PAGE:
Attorney and Guardian for Incapacitated Individual Can Invoke Attorney-Client Privilege on Her Behalf

A New York trial court allows the attorney and guardian for an incapacitated individual to invoke attorney-client privilege to prevent her former attorney from testifying in a guardianship proceeding. In the Matter of Nunziata (N.Y. Sup. Ct., Nassau Cty., No. 850023-I-2021, May 21, 2021)

Nancy K. hired attorney Alexander von Kiel to create advance directives for her, including a power of attorney and living will. She also married William McEnaney. The county department of social services initiated a guardianship proceeding to appoint an independent guardian for Nancy and to void the marriage and the advance directives. The court appointed a temporary guardian and attorney for Nancy. Mr. McEnaney cross-petitioned to be appointed guardian.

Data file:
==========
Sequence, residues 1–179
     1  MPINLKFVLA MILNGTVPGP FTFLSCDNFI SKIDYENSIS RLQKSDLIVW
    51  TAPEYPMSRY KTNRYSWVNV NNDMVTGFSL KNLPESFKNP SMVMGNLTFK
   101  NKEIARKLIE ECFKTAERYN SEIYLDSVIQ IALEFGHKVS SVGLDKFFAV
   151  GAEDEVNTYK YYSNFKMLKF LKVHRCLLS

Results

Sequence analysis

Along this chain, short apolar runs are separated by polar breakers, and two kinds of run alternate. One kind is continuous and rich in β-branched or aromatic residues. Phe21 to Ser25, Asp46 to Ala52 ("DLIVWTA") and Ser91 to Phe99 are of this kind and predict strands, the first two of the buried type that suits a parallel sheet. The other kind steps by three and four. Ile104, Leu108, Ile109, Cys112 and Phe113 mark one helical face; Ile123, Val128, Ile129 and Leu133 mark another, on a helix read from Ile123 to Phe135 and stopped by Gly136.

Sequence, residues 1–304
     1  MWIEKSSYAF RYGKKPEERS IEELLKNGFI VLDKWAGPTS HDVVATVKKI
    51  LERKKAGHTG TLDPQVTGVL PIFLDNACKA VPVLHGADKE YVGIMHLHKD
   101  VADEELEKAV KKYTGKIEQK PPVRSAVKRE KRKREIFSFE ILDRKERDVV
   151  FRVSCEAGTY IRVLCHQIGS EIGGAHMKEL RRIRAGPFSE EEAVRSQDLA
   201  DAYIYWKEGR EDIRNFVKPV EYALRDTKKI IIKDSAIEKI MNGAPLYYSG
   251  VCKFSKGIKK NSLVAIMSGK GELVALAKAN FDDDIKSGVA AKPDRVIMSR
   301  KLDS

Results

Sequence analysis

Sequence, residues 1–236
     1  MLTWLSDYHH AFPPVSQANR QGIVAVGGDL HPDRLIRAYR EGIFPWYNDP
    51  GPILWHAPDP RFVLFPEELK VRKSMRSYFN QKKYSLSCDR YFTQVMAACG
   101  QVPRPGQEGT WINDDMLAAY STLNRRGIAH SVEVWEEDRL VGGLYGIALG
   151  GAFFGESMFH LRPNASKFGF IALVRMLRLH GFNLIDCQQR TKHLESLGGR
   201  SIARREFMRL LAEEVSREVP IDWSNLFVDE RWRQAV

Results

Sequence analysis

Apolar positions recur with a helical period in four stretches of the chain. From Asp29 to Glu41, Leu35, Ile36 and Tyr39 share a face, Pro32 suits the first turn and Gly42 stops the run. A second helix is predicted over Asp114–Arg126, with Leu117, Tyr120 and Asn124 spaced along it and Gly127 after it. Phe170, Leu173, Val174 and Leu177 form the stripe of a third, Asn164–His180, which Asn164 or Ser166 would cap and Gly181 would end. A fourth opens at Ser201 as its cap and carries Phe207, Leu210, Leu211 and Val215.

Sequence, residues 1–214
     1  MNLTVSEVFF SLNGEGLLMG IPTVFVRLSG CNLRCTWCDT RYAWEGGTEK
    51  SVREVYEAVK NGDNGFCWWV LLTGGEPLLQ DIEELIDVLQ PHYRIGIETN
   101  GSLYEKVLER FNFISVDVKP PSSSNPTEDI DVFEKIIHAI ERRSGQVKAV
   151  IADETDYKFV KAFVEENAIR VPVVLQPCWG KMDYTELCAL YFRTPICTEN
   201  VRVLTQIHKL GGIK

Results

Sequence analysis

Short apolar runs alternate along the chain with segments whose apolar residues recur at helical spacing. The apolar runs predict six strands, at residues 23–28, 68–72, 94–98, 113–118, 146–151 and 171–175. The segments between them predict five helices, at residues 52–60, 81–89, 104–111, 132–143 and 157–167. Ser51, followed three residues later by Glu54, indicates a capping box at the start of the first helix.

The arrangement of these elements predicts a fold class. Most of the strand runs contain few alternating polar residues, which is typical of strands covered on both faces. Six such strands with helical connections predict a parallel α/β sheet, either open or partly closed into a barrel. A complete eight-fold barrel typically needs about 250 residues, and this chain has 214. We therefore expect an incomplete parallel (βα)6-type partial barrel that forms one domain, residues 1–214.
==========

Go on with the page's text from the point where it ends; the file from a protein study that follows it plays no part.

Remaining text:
At trial, Mr. McEnaney’s attorney questioned Mr. von Kiel about conversations he had with Nancy pertaining to the advance directives, but Nancy’s attorney objected, invoking attorney-client privilege. Mr. McEnaney argued that Nancy would want the attorney-client privilege lifted because the attorney’s testimony would provide evidence regarding her intentions and mental capacity.

The New York Supreme Court, Nassau County, sustains the objection. According to the court, this situation is similar to doctor-patient privilege, which can only be waived “if the alleged incapacitated person waives the privilege, or affirmatively places his or her mental condition in issue by contesting the allegations against him or her and affirmatively asserting her mental condition at trial.” The court finds that neither Nancy’s guardian nor attorney “affirmatively placed the subject matter of the privileged communications between [Mr.] von Kiel and Nancy K. in issue.”

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